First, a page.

Democracy in sports: the benefits of group decisions

Democracy in sports: the benefits of group decisions

The traditional mindset in sports is that teams succeed by dictatorships. Whether a coach or a manager, teams in all types of sports centralize by being led by one totalitarian expert who makes all the calls for the team. This puts all the glory and blame on one man; if the team continues to succeed the coach becomes a legend, but in failure, the coach is exiled into forgotten territory.

Lombardi got the super bowl award named after him for his great success, while Jim Zorn is less than a footnote in Redskins history. But trends have shown that this is a more than ineffective strategy. Making decisions through one person, rather than getting different viewpoints and opinions, is counterproductive to group success.

The greatest representation of this trend is the French soccer team, Olympique Lyonnais. The team’s history was more than forgetful, that is, until bought in the 80s by Jean-Michel Aulas. As the team’s new chairman, he began to reconstruct with a process built around the team being organized economically. The team managed to sneak its way into France’s top league, and within the decade was regularly finishing top three in the league.

Lyon continued to adjust and transition, making all personnel decisions through a group of educated informants, and the team’s success culminated in its first French title in 2001. Thus began an era of domination that lasted until 2008.

Although Lyon itself may be a large city in France, the team had never been a soccer powerhouse in the country before. Lyon was only able to have a period of domination in French soccer because its scouting, coaching decisions and signings were all leagues ahead of its competition due to the power of groupthink.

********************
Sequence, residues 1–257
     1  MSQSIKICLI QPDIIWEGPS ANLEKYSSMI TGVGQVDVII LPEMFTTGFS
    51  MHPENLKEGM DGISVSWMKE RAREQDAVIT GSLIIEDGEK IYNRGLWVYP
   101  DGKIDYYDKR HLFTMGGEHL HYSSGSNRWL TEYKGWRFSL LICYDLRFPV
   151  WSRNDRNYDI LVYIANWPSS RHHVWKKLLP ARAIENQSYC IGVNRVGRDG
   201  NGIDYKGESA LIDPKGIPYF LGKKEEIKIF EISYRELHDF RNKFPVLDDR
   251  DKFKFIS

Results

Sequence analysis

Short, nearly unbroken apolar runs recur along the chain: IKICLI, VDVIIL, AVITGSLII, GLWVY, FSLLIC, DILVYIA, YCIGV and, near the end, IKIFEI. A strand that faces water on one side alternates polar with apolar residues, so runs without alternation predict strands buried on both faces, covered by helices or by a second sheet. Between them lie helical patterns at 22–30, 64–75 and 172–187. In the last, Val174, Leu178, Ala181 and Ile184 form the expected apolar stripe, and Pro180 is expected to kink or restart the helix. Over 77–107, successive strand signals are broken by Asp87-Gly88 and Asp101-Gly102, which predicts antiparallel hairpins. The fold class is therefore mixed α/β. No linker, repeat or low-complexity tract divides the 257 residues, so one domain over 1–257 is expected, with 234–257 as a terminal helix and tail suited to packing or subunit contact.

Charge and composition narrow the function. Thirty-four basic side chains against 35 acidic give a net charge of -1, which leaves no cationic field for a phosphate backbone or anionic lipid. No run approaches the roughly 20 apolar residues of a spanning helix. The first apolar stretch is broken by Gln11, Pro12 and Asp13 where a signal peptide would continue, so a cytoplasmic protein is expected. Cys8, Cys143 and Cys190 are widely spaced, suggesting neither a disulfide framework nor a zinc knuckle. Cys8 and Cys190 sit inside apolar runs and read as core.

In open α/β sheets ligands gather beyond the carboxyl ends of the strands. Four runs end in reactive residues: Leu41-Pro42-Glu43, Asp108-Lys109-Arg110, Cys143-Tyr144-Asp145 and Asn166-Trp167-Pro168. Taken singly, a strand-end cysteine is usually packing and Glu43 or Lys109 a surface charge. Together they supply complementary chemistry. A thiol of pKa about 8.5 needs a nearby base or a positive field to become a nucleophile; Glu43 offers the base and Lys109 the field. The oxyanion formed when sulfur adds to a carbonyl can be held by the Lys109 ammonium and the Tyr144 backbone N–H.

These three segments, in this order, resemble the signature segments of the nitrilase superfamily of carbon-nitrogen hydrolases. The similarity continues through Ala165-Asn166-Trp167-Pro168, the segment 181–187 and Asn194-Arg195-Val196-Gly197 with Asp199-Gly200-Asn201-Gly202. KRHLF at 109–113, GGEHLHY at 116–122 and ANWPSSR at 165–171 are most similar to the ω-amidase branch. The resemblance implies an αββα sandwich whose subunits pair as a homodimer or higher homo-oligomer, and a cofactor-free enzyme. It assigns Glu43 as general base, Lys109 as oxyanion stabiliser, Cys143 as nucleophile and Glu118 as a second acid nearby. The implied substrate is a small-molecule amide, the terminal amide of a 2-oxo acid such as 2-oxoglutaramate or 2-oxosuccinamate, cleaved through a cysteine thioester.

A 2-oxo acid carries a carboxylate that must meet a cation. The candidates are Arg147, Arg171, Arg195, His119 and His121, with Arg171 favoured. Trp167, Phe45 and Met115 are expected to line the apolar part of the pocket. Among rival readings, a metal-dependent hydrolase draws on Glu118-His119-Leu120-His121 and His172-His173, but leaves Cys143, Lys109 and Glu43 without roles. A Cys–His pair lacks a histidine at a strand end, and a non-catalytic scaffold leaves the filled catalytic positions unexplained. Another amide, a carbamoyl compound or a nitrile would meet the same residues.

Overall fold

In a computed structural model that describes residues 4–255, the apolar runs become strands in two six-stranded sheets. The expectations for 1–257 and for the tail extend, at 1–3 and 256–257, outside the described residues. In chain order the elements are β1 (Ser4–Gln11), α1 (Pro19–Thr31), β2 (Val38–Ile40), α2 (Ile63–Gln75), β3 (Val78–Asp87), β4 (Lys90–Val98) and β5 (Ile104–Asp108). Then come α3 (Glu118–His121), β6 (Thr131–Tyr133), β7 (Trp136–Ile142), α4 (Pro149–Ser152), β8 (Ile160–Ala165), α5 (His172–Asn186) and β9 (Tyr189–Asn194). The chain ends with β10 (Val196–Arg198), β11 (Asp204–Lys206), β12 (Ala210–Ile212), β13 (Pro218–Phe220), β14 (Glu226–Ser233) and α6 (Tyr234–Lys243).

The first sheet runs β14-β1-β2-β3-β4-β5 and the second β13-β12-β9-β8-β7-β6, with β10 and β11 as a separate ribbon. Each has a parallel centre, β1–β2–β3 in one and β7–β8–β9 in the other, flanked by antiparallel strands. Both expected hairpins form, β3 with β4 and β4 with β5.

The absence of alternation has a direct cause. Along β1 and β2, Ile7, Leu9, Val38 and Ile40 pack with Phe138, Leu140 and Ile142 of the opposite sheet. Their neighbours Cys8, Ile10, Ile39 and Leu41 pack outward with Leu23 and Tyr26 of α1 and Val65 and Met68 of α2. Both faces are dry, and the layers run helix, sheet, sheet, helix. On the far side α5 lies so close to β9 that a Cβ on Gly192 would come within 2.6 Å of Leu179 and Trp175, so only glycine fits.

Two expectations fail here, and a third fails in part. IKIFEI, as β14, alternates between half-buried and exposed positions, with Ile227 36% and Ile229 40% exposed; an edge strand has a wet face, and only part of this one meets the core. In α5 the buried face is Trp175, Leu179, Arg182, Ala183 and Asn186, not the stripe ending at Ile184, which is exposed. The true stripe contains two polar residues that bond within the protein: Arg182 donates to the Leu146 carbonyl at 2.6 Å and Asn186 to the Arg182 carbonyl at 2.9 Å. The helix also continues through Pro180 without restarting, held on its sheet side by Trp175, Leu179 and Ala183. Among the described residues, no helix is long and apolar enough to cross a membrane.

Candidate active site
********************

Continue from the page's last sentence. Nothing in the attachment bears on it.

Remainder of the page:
Other teams in Europe all began adjusting to this model, adding more minds into the conversation when it came to team building. Still, no major team has taken the steps to build their team as efficiently as Olympique Lyonnais.

This trend is not merely limited to soccer, either. Most American sports leagues, historically, have one coach always as the team face who makes the bulk of the decisions only with certain duties deferred to the lower coaching stations.

However, in recent years this trend has been countered by the rise of a separate position: the general manager. Only the Patriots have their coach, Bill Belichick, as their general manager and he is a understandable exception as his own personal knowledge surpasses most of the minds in the league.

In the last few decades in the NFL, NBA and MLB, the general manager has been an increasingly important position in the locker room that has taken more and more powers in personnel decisions in drafting and scouting. The general manager regularly works with the coaches and the ownership groups to make the best decisions for the team, showing a little bit of the decentralization that that helped make Lyon successful.

“Moneyball: The Art of Winning an Unfair Game” by Michael Lewis rejuvenated the sports minds around America in reference to how we think about baseball and what it takes to become successful. The book condemned a lot of traditional thinking and focused on the benefits of using sports statistics to become more effective in team building.

Just as Michael Lewis once did, it is time to throw out the old style way of thinking in sports and further break down decision making in sports into groups, so we can get more talented products of the games we love.